Media releases

30 May 2006

Women and children to benefit from health service realignment

Women’s and children’s health services in Western Australia will receive a major boost under a new plan to realign King Edward Memorial Hospital and Princess Margaret Hospital.

Director General of Health Dr Neale Fong today announced that the Women’s and Children’s Health Service, which encompasses both tertiary hospitals, would separate on 1 July 2006 in an effort to streamline clinical services.

"King Edward Memorial Hospital and Princess Margaret Hospital were brought together back in 1994 but now the time has come for a new direction which will improve the state-wide focus on women’s and children’s health issues,” he said.

“King Edward Memorial Hospital has achieved significant service reform in recent years following the Douglas Inquiry and staff can be very proud of the high standard of obstetric care it provides.

“King Edward Memorial Hospital will be re-established as a separate institution and become administratively part of the North Metropolitan Area Health Service in preparation for its eventual relocation to the QEll site at Nedlands.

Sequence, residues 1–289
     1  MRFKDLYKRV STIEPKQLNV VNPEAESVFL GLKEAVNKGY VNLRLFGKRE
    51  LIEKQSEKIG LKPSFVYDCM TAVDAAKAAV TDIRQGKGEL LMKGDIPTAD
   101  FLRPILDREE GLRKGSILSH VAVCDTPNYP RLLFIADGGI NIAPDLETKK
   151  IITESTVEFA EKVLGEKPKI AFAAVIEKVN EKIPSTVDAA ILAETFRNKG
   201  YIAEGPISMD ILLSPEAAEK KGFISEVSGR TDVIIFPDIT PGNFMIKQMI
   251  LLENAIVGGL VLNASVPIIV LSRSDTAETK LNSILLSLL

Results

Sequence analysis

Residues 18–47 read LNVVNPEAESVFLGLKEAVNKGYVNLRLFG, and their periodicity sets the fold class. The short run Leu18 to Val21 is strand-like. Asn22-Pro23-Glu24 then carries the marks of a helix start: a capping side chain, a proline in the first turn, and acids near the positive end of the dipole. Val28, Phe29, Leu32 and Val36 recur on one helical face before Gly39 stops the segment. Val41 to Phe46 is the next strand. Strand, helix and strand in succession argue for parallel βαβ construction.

“It has been agreed that our State’s women’s hospital should be co-located with an adult facility while maintaining a close relationship with the paediatric health service, particularly in the care of neonates.

“King Edward Memorial Hospital for Women will continue to provide the focus on maternity services and women’s health in WA.”

Dr Fong said that PMH would also become a separate institution to build on its role as the tertiary paediatric centre and would continue to provide leadership on child health across the State.

“The new structure will increase efficiency, reduce duplication and provide significant benefits for women’s and children’s health care in WA,” he said.

“The move will mean hospital staff can focus their efforts on improving clinical services as outlined in the recent Gaps in Clinical Service report.”

The State Government has recently set aside $15 million for capital works at PMH to ensure clinical services are maintained at the highest level before the new children’s hospital is built.

A decision on the site for the new Princess Margaret Hospital is expected in coming months.

Mr Glyn Palmer, WCHS Area Chief Executive, will leave in July.

Dr Fong said staff could be assured that there would be no job losses as a result of the change.

He said senior clinical staff at both institutions were informed of the realignment yesterday and were supportive of the plan.

Media contact: (08) 9222 4333

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